The embattled head of Illinois’ public health agency voiced regret on Wednesday over his language in an email related to the Legionnaires’ disease death of a resident at the state-run Quincy veterans’ home. The mea culpa from state Public Health Director Nirav Shah came the same day a pair of candidates for attorney general called for an independent investigation into the state’s response to a 2015 Legionnaires’ outbreak that killed a dozen people at the facility.
Eugene Miller laid feverish and gravely ill in his bed at the Illinois Veterans Home in downstate Quincy. He hadn’t eaten for a few days, drifted in and out of consciousness, and winced in pain whenever nurses attempted to reposition him. The adult children of the 86-year-old U.S. Army veteran consulted with the home and his doctor, according to his family’s account, and on Aug. 26, 2015, authorized the facility to make no extraordinary effort to prolong his life.
A Democratic state senator ripped Gov. Bruce Rauner Tuesday over the Legionnaires' disease crisis at the Quincy veterans' home, saying the Republican's administration has been sitting on viable options for more than a year and officials "need to make a decision and get it done." Sen. William Haine was incensed Rauner cabinet members did not attend a committee hearing to answer questions about an August 2016 report obtained by The Associated Press last week.
Muck Rack makes it simple to find people, tweets, or articles that mention any name, keyword, company, hashtag etc. We've compiled this guide to help you make the most of your search.
Selecting a term
Start searching tweets, articles from media outlets, articles mentioned in tweets, journalists'
names, titles and bios with some suggested searches:
Companies or Topics (e.g. iPhone, Microsoft)
Phrases (e.g. "cloud computing") — use quotes to keep the terms together
Twitter handles (e.g. @username) — returns those who have mentioned or replied to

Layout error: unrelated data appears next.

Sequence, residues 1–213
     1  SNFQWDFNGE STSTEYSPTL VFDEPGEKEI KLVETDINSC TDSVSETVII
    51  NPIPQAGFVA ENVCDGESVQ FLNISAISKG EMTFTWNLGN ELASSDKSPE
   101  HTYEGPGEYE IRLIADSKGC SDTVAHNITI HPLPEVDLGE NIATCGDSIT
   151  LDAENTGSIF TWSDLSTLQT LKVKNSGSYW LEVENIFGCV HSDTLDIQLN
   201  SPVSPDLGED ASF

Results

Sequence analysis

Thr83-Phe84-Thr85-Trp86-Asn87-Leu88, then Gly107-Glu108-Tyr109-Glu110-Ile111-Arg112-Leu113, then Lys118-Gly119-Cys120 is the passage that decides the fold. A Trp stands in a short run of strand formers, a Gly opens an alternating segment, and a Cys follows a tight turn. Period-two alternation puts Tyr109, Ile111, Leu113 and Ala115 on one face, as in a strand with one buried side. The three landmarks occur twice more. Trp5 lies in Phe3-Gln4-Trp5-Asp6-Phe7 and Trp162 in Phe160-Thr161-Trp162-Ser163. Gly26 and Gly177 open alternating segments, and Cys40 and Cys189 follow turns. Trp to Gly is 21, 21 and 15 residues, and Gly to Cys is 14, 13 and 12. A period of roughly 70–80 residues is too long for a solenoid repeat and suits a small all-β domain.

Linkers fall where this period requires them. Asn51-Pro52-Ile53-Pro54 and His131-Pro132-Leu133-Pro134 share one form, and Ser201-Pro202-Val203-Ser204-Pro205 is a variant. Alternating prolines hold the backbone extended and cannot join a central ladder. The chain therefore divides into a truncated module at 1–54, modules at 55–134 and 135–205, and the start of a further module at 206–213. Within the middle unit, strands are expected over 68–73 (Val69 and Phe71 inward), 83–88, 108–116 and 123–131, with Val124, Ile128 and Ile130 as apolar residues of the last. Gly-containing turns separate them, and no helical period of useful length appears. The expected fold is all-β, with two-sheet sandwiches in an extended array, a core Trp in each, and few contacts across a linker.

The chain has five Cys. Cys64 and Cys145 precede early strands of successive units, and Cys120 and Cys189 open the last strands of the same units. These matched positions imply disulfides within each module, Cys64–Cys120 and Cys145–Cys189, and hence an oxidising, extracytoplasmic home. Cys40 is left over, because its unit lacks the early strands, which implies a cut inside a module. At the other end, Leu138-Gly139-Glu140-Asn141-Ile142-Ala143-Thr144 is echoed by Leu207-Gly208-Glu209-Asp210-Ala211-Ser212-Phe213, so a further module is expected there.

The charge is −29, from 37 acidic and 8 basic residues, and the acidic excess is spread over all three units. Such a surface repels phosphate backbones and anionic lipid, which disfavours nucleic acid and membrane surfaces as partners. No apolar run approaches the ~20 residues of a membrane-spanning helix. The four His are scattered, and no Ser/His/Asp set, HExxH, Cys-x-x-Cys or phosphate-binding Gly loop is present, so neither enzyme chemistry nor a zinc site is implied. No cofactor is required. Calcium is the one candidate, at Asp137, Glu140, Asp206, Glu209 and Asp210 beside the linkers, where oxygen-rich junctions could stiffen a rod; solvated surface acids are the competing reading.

Names (e.g. "David Pogue")
Hashtags (e.g. #sxsw, #london2012)
Bio details (e.g. vegan, Olympics, father)
Muck Rack's Advanced Search allows for many boolean operators.
Find results that mention multiple specified terms, use AND or
+. For example, ensure each result contains both Elon Musk and Mark Zuckerberg by
searching Musk AND Zuckerberg or Musk + Zuckerberg.
Use the operators OR or , to broaden your search when you'd like either of
multiple terms to appear in results. (This is the default behavior of our search when no operators
are used). For example, results will contain either cake or cookie by searching cake OR cookie or cake,cookie
Use NOT or - to subtract results from your search. For
example, searching Disney will yield results about the Walt Disney Company as well as Walt Disney
World Resort. To exclude mentions of Disney World, search for Disney -World or Disney
When using one of these operators with a phrase, enclose it in quotation marks. For example, you can
find results about smartphones excluding Apple's iPhone 4S by searching smartphone -"iPhone
Exact case matching or punctuation
If you're searching for a brand name or keyword that relies on specific punctuation marks or capitalization, you can
find results that match your exact query by adding matchcase: before the keyword you're searching for, like matchcase:E*TRADE .
Use parentheses to separate multiple
boolean phrases. For example, to find journalists talking about having fun in Disney World or
Disneyland, search for ("disney world" OR disneyland) AND fun.
An asterisk can be used to search for any variation of a root word truncated by the asterisk. For example, searching for admin* will return results for administrator, administration, administer, administered, etc.
A near operator is an AND operator where you can control the distance between the words. You can vary the distance the near operation uses by adding a forward slash and number (between 0-99) such as strawberries NEAR/10 "whipped cream", which means the strawberries must exist within 10 words of "whipped cream".